When I see people on holiday in Greece, I always think, “Why have you come to a country where they grow vines, eat the leaves and throw the grapes away, choosing instead to make their wine out of creosote?” Of course, Spain is more civilised than that, but it doesn’t have a proper word for “beer” and the food seems mostly to have come from the nearest bin.
It’s the same story with supermarkets. If you have a choice of outlets within easy reach of where you live or work — and most people do —why would you not go to Waitrose?
There’s more. When you are in need of a refreshing soft drink, why would you not have a glass of Robinsons lemon barley water? Why do people buy BlackBerrys when they could have iPhones? And, conversely, why have a Mac, which has no right-click, when you could have a PC that does?
In almost every sphere of life — baked beans, cola, television channels — there is a bewildering choice on offer but actually no choice at all. Because one product is almost always head and shoulders above the rest. I’m trying my hardest at this point not to mention Fifth Gear.
It certainly applies in the world of cars. If you want a big off-roader, you can waste your time test-driving the Toyota Land Cruiser if you like, but it simply isn’t as good as the Range Rover. And that’s the end of it.
Supercars? Yup. By all means buy a McLaren MP4-12C or a Lamborghini Gallardo, but you must know that because you didn’t buy a Ferrari 458 Italia your life will not be quite as good as it could have been.
You may imagine that the theory gets a little blurred in the risk-averse world of the humble hatchback. These are the bread-and-butter cars and any attempt to do something risky or interesting might put buyers off. Car makers know this, so they stick to four wheels and a fold-down back seat. And yet . . .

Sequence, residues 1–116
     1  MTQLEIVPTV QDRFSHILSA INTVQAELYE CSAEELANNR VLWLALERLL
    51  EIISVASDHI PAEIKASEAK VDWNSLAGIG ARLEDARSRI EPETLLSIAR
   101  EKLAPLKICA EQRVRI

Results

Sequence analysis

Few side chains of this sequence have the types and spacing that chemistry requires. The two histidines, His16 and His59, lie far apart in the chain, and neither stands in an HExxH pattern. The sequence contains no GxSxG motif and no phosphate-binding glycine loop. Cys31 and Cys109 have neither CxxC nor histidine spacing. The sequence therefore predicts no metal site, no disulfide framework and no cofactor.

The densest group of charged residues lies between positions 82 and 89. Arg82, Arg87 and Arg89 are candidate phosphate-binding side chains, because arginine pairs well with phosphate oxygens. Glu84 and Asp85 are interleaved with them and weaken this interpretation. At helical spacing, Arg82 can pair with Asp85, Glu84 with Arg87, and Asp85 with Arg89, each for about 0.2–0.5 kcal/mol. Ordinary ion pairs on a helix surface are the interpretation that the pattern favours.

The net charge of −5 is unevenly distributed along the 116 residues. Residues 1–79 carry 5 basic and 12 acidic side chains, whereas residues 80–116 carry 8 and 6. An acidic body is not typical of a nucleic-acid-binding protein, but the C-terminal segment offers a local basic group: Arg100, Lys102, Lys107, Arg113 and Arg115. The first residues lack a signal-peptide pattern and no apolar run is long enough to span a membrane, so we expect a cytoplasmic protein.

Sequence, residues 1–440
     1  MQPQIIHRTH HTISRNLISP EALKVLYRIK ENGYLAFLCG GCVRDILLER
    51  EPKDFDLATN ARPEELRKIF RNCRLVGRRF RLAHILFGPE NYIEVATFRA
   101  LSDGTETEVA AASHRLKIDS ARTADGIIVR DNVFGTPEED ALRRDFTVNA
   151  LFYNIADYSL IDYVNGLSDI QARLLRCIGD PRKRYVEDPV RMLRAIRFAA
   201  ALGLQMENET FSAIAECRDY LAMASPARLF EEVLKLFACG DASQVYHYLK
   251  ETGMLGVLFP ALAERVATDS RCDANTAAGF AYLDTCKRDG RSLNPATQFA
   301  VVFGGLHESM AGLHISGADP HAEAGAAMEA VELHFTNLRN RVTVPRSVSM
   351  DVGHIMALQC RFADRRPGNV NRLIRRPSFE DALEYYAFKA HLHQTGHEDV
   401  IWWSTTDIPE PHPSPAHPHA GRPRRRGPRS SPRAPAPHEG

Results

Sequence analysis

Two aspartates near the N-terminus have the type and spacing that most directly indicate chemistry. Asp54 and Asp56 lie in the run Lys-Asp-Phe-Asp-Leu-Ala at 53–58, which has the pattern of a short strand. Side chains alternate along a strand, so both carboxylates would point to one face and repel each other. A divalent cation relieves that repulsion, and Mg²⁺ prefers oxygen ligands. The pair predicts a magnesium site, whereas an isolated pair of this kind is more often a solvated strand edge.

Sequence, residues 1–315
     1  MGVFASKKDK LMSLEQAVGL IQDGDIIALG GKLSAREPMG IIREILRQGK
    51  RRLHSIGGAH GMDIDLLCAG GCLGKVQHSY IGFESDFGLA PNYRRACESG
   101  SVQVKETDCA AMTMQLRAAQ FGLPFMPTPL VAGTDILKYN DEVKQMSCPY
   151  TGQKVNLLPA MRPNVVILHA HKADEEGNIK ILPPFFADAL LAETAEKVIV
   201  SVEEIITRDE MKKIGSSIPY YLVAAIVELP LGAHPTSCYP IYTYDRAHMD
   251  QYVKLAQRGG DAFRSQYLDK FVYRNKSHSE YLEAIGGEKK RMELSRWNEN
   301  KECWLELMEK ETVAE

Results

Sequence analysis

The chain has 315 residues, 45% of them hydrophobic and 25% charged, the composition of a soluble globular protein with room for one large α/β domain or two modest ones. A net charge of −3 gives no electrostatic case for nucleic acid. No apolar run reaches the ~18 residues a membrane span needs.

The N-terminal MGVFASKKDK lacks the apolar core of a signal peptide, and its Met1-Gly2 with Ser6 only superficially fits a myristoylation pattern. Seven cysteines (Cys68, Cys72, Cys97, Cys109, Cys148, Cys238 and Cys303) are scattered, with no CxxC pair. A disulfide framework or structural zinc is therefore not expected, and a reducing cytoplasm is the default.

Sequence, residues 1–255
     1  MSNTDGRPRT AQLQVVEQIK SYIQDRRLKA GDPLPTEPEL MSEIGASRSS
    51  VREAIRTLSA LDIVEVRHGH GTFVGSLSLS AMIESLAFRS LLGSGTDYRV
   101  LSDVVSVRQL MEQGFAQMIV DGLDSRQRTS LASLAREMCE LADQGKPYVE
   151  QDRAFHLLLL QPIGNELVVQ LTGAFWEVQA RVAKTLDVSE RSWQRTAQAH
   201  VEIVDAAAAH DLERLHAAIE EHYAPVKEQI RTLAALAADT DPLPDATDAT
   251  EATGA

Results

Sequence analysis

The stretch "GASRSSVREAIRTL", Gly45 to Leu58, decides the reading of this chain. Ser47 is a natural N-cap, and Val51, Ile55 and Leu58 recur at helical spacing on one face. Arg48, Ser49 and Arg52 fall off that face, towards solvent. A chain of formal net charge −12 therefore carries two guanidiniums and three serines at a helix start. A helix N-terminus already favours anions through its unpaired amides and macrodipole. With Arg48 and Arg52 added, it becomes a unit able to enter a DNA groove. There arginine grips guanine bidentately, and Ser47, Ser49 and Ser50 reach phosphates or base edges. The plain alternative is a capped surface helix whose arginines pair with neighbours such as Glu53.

What is it you want? Economy? Value? Speed? Comfort? Reliability? Handling? Space? A blend of all that? It doesn’t really matter because the Volkswagen Golf does more things more betterer than all of its rivals. It is the Italy of hatchbacks. The Heinz baked bean. The iPhone. The Waitrose. The best.
I recently drove a Vauxhall Astra VXR and it was deeply impressive, fast like you would not believe yet blessed with a level of comfort that you could not reasonably expect. But too flashy, really. So you’re better off with a Golf. Which isn’t flashy at all.
The Ford Focus ST? Great fun. But not as good as a Golf. Mercedes A-class? Well, the model I tested was the 250 AMG Sport and it was flawed in many ways. But it does at least have that Germanic quality. Much like the Golf, which isn’t flawed in many ways.
The BMW M135i? This is a fabulous car. I loved it. It’s better to drive than any Golf I’ve ever experienced, but the payback is a slightly cramped interior. A Golf doesn’t have that problem.
However, in recent months I’ve been seeing a new boy on the block. It’s so pretty that I’ve found myself hoping its undersides can cash the cheques its body is writing. Because if this is as good to drive as it is to look at, Johnny Golf may have finally met his match. I’m talking about the Volvo V40.
The interior is just as good as the exterior. Great seats, a good driving position and a “floating” centre console that’s festooned with cool Scandinavian buttonry. With prices starting at a whisker under £20,000, I thought I might be on to something . . .